Let’s talk about your quiver. For those not familiar with the term, a quiver refers to the collection of boards that a surfer uses.
Professional surfers are spoiled silly. The majority of pros and sponsored surfers have more boards than they can keep track of. Take my buddy ‘Steiny’ for example. He’s an UCSB student and a freakishly talented longboarder with style and grace that brings the sponsors flocking. He’s got the incredible privilege of calling up a world-class shaper and saying, “Hey dude, want to make me a sick new board?”
Needless to say, the pile of old cast-away boards on the side of his house nearly outnumbers the grains of sand on the beach at Pescies. There are prototypes of new concepts and sleek modern templates along with classic ’70s throwbacks — all of them covered in stunning art and the heavenly odor of freshly cured fiberglass.
To the gifted bastards like Steiny, a custom board with the ideal dimensions is nothing special. Sometimes, the shelf life of a pro’s board is no longer than two weeks before it’s been given too much of a thrashing to perform to his skill level.
The majority of us proletariat surfers have to dig deep into our pockets when we want to buy a stick, so the decision to get a new board can be a big deal. Shit, Al Merrick charges upwards of $800 for a new shortboard, and most college surfers just aren’t able to make that happen on the reg.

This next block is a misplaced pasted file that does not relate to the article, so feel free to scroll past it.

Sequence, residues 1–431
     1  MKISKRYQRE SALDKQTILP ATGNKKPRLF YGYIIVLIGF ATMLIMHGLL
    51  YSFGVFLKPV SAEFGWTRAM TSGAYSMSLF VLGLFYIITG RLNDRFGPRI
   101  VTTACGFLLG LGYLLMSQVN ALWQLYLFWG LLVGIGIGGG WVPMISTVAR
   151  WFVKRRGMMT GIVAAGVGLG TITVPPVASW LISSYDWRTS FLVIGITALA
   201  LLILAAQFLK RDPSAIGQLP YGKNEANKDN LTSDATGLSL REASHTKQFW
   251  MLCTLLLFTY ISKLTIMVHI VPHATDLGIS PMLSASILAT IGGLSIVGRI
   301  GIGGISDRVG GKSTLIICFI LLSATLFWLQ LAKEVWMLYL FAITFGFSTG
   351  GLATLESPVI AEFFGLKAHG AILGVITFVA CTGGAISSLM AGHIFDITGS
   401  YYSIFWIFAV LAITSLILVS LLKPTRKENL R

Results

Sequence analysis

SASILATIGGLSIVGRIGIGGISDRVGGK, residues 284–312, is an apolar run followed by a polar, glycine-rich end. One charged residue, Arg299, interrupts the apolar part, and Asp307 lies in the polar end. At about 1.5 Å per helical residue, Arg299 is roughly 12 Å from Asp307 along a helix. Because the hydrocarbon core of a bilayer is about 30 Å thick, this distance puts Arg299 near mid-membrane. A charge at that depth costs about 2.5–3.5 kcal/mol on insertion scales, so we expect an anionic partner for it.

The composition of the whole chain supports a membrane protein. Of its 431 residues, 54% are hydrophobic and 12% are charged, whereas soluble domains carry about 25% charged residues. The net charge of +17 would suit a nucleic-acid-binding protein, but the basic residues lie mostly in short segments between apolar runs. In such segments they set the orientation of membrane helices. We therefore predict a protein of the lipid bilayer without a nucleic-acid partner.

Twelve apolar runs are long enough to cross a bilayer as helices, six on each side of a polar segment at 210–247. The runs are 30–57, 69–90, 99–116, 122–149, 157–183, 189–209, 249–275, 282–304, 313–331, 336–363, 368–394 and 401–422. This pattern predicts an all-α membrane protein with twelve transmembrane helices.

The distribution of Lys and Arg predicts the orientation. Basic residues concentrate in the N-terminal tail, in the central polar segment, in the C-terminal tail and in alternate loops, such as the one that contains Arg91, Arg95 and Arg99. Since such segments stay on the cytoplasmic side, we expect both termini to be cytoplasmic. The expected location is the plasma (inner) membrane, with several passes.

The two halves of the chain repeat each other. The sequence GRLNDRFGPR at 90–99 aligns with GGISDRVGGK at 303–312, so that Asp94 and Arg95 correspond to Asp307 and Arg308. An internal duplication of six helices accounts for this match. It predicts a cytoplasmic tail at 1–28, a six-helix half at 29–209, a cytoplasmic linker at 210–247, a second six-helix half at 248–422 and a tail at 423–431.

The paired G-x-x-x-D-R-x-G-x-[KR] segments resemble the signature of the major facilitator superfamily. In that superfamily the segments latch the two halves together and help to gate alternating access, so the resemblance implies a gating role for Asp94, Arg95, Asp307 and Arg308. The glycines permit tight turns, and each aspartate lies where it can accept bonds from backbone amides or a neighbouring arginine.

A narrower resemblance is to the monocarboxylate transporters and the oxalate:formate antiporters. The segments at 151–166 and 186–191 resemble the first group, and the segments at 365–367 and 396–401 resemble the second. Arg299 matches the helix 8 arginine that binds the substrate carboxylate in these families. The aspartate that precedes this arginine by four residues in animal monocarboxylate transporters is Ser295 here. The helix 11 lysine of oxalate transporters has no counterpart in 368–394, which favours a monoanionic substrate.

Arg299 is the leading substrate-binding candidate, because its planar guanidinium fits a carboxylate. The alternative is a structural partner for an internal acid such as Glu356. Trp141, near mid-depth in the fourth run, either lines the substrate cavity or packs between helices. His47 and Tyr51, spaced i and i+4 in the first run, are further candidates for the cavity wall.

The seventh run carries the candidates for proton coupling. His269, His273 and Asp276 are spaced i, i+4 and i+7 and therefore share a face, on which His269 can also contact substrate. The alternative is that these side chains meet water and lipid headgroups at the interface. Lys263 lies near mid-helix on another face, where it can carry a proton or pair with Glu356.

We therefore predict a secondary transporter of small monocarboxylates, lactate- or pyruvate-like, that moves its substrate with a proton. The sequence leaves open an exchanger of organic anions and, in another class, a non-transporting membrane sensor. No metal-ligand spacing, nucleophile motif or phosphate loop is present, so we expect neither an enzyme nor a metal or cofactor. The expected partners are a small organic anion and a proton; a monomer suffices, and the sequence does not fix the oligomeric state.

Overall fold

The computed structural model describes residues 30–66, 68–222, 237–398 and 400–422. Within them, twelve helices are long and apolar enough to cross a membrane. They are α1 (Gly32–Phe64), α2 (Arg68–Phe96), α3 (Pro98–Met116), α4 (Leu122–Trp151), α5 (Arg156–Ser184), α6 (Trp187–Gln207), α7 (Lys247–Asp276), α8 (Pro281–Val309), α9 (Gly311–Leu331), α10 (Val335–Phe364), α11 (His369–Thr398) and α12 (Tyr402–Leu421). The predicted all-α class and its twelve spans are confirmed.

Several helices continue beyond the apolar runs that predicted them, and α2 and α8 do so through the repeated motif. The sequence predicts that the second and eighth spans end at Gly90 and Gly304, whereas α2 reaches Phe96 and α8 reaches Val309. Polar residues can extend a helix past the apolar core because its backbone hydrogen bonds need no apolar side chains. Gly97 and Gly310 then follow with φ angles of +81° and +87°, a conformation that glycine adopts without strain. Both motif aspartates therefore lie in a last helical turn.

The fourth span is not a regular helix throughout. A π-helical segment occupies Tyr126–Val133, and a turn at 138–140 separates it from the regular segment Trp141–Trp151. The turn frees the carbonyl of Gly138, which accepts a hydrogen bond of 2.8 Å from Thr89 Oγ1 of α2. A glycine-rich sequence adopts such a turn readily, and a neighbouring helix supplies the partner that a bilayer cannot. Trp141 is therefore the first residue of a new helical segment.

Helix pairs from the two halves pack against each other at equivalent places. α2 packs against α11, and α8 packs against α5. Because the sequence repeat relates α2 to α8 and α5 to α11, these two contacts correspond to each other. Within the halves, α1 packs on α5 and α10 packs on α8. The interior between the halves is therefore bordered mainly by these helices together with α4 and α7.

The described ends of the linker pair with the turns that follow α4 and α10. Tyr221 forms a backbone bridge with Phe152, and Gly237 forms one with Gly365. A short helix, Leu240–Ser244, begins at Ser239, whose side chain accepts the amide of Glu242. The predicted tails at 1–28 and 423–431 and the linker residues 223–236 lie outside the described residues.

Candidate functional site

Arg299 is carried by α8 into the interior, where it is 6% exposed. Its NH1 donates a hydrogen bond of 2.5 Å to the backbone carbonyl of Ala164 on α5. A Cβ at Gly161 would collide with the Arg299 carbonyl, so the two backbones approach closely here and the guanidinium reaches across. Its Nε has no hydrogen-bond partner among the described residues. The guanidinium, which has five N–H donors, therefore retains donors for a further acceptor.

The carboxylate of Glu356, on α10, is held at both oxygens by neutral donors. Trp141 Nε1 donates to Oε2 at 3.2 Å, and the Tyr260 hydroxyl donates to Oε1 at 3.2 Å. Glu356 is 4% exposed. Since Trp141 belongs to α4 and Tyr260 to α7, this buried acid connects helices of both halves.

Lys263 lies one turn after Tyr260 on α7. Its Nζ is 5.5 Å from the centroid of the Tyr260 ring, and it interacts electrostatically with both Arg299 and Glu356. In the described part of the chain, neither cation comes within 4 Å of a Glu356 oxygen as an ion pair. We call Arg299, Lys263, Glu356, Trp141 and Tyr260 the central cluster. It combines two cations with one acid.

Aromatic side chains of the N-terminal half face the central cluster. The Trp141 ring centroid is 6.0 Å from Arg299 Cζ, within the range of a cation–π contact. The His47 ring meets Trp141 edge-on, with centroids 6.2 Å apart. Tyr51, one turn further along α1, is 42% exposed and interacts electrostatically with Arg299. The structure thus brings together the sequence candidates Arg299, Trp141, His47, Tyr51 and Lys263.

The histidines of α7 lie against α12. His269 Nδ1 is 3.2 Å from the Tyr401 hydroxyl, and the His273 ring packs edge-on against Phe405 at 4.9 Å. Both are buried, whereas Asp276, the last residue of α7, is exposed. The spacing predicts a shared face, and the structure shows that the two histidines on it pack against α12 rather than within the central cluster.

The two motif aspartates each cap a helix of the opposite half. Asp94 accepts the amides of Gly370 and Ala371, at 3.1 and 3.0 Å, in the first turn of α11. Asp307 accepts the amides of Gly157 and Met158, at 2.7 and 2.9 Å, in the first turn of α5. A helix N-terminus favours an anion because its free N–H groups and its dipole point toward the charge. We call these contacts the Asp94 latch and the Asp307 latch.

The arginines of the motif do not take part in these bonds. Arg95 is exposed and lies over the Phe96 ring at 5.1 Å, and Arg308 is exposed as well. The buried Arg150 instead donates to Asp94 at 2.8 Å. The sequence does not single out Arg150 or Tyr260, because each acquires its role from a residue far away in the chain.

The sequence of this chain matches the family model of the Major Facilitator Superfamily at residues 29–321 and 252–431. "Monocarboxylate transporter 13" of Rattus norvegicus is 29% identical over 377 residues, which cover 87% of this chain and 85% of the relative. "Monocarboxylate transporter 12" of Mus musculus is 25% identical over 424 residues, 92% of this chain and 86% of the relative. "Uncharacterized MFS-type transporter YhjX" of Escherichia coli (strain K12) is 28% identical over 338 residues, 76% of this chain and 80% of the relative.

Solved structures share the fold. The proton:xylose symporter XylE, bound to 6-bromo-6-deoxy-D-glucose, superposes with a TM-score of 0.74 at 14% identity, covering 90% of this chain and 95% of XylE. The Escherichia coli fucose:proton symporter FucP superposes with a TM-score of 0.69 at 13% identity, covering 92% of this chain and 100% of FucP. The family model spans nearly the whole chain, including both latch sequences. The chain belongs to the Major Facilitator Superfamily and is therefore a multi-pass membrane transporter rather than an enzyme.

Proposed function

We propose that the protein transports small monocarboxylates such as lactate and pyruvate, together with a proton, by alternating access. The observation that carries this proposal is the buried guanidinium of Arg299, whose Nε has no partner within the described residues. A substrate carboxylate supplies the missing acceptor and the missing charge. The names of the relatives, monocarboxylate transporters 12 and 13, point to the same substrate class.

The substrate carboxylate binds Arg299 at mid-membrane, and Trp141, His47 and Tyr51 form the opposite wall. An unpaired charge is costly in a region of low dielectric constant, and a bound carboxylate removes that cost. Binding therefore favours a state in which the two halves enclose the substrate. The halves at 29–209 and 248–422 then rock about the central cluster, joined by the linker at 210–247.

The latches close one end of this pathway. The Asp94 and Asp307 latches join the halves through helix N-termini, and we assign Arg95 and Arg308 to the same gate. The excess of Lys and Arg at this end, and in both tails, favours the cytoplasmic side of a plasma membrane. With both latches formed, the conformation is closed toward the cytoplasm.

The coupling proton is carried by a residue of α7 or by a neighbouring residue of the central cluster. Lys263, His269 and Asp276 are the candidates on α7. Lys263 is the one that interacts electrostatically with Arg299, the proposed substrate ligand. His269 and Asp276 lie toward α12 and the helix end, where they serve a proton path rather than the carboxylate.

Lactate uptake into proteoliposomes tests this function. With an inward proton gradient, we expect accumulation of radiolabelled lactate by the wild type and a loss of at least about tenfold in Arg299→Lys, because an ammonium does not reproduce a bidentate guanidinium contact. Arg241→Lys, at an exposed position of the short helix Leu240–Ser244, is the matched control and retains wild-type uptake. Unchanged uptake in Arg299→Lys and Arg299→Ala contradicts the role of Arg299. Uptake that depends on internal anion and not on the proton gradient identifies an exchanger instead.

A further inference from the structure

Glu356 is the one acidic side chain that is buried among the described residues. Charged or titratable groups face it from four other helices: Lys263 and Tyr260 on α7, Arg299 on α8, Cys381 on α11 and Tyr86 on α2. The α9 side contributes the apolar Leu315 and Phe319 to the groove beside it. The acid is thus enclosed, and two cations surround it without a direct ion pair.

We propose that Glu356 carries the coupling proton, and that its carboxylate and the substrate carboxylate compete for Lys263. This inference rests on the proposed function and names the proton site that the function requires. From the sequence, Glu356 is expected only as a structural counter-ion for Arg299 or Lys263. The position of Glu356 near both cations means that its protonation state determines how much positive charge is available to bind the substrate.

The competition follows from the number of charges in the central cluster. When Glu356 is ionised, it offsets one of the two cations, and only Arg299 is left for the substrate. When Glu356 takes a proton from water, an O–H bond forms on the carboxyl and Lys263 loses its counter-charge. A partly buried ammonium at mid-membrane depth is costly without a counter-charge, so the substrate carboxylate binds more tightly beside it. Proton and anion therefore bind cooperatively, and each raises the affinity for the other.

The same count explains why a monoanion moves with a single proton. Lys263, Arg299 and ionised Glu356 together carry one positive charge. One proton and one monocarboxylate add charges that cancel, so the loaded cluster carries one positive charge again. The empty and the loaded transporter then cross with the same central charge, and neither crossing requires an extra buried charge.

While it’s true that the size, shape and thickness of a board can change the way it rides, you can’t believe all the hype all the time. If you were to walk into a surf shop and try chatting up a grizzled surf veteran about the right dimensions for you, you’ll get caught in a downward spiral of panic about choosing the correct tail, fin set-up and size of the board. But that’s not reality. For the casual or intermediate surfer, one board is usually sufficient.
Sure, if you’re competing in the ASP World Tour with Kelly Slater, Mick Fanning, Jordy Smith, Dane Reynolds and Taj Burrow, that extra millimeter of extension you can push out of your board in turns might get you that extra .1 point you need in the rankings. For you and me, though, it’s just important that you are comfortable with the plexiglass under your feet.
I’ve tried a wide variety of board designs, and I’ve found that the biggest factor contributing to my performance was not my equipment, not by a long shot. It’s the mindset, the enthusiasm and the physical conditioning.
Take a look at the ancient Hawaiians responsible for the sport of kings. Their original surfboards were flat planks of wood that didn’t even have fins for stability through turns, yet they still managed to keep it elegant and stoke the surf fire in the decades to follow.
Don’t let concerns for your equipment slow you down. Your true skill will come from your drive to make progress, regardless of the shape of your shred sled.
Daily Nexus surf columnist Elliott Rosenfeld has no concerns about his equipment, and neither should you.